This article first appeared in The Guardian, in July 2008.
Jose Padilha has been sued by the police and shot at by drug-dealers. He has been called a fascist ideologue and a communist provocateur. His film, The Elite Squad, has divided Brazil, inspiring a debate about police brutality that still rages, a year after pirate DVDs first showed up on the streets.
Brazil’s leading research firm estimates that twelve million people have watched the knock-off version, a more meaningful gauge of popularity than box office receipts in a country where only a small minority can afford a cinema ticket. In the same graphic, fast-moving style as City Of God, Padilha has sneaked a discourse on corruption and hypocrisy into the national consciousness.
It begins with a police raid on a party in one of Rio’s hillside shanty towns. Under a pounding baile funk beat, commandos with a skull and crossed pistols on their black berets creep into the favela. Teenagers wave machine-guns on the dancefloor. “In Rio de Janeiro, every cop has to make a choice,” says the voiceover. “He either turns dirty, keeps his mouth shut, or goes to war.”
When the shooting starts, it looks and sounds like an action movie. The pace is relentless, the body count high. You would never know it was meant to be a documentary. “Everything happened, every single scene,” says Padilha. “But the point is not that those are things that happened. They are things that happen every day. They torture and they kill. It’s a fact. This is how the system works.”
The film is based on the memoirs of two military policemen, Rodrigo Pimentel and Andre Batista, whose unit, BOPE, has a reputation for incorruptibility and extreme violence. Padilha initially set out to make a factual programme about this urban combat force, but discovered that although the men he interviewed were convinced their methods were justified, none of them would admit to killing kids on camera.
Elite Squad tells the story of Operation Holiness, when a BOPE squadron was charged with making a favela safe for the Pope to visit in 1997. It is both a blockbuster entertainment – the most expensive Brazilian movie ever made – and a sociological polemic, based on two years of detailed research.
Wagner Moura plays Captain Nascimento, an anti-hero in the Dirty Harry mould who suffocates gang members with a plastic bag until they bleed during interrogation, threatens to rape a teenager with a broom handle and casually orders the killing of a look-out when he’s finished questioning him. He is nervous, irritable and afraid of dying, but never questions the moral core of his mission.
“The character believes that he is doing the right thing,” Moura says. “He has integrity, he is not corrupt.” In two punishing months of training with former BOPE officers, he internalised the mindset. “I met a lot of guys who believe that they are doing a great job by killing drug-dealers. They were trained for that purpose, like dogs.”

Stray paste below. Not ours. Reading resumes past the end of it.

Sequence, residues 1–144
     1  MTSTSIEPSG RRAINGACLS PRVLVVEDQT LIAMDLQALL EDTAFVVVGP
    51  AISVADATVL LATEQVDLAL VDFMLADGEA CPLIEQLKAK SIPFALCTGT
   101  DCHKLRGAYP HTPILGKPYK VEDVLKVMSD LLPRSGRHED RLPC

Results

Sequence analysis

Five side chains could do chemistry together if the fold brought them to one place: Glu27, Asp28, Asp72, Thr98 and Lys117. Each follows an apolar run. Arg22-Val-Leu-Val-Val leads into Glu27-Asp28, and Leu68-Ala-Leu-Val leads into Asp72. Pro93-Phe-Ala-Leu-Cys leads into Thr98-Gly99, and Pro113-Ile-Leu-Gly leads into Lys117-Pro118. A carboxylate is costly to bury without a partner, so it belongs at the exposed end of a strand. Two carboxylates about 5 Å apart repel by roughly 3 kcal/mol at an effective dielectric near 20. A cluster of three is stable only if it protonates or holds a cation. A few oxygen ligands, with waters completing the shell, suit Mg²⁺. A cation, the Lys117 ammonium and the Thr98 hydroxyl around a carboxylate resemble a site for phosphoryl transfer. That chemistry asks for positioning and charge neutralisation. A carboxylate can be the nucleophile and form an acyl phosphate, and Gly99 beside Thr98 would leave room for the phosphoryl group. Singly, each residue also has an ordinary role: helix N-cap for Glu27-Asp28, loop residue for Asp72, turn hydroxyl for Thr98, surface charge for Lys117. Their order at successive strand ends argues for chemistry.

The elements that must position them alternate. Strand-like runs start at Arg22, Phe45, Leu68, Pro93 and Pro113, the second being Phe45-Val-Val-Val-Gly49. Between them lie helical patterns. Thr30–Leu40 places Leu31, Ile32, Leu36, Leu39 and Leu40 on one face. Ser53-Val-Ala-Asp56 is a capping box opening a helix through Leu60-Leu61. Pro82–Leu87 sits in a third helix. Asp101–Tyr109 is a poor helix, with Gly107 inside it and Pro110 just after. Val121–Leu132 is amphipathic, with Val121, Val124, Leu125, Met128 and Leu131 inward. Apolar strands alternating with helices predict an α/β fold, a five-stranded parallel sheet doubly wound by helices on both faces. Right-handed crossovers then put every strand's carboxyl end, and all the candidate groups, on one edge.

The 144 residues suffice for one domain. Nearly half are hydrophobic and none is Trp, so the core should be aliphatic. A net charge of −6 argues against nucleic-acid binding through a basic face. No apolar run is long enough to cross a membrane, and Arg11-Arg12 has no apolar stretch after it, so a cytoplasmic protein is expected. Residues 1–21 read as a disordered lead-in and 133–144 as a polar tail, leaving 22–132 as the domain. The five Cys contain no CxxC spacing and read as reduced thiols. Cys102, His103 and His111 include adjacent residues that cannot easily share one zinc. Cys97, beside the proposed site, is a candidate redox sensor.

When the rough cut leaked, a group of BOPE commanders sued to prevent the official release because it depicted their techniques too faithfully. “At several points in the film they do exactly what BOPE does,” says Tyndaro Menezes, who runs the investigative reporting unit at Globo TV. “They used to enter the favela in the gutters. These days, those ditches are full of booby-traps, because the gangs saw the movie and know that BOPE uses them.”
Padilha filmed in the favela where City Of Men was shot, cutting one deal with the gang which controls it and another with the police not to raid during filming. When cops reneged on that agreement, the crew were caught in a shoot-out. “One of the gaffers almost got killed,” says Padilha. “He was in the firing line and jumped into an open sewer. He was covered in shit but it was better than being shot.”
Soon afterwards, armed men stole a van load of fake weapons, thinking they were real, forcing the production to move from a favela run by drug-dealers to another ‘protected’ by a militia of corrupt policemen. As always, there was a pay-off to be made. Padilha admits that to get anything done in Rio “somewhere, somehow, someone will be bribed.”
The society that Elite Squad portrays could hardly be more rotten. Policemen swap guns for cocaine, politicians buy votes in brothels and students set up NGOs in the slums to get close to the drug-dealers. BOPE is the only hope, the antithesis of Rio’s venal, incompetent police force. The film’s critics, none of whom dispute that these social problems exist, argue that Nascimento’s unrepentant voiceover advocates an appalling, dangerously appealing solution.